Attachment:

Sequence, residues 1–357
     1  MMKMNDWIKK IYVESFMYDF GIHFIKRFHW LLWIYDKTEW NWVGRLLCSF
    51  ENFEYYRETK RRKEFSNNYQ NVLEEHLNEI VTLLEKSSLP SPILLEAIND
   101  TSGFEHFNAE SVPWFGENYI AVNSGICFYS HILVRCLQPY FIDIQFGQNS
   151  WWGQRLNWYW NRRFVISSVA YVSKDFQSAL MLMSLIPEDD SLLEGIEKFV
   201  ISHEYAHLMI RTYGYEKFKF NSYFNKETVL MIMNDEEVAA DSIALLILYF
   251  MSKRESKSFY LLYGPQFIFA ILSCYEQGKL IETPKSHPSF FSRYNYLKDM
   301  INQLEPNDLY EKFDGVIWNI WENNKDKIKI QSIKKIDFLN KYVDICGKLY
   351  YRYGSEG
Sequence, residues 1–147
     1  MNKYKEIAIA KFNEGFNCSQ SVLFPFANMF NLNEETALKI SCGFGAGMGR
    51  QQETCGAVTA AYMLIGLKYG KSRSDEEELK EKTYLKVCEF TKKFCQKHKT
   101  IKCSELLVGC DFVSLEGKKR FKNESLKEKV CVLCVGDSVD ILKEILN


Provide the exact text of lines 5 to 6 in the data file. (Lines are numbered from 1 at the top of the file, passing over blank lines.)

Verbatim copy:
   151  WWGQRLNWYW NRRFVISSVA YVSKDFQSAL MLMSLIPEDD SLLEGIEKFV
   201  ISHEYAHLMI RTYGYEKFKF NSYFNKETVL MIMNDEEVAA DSIALLILYF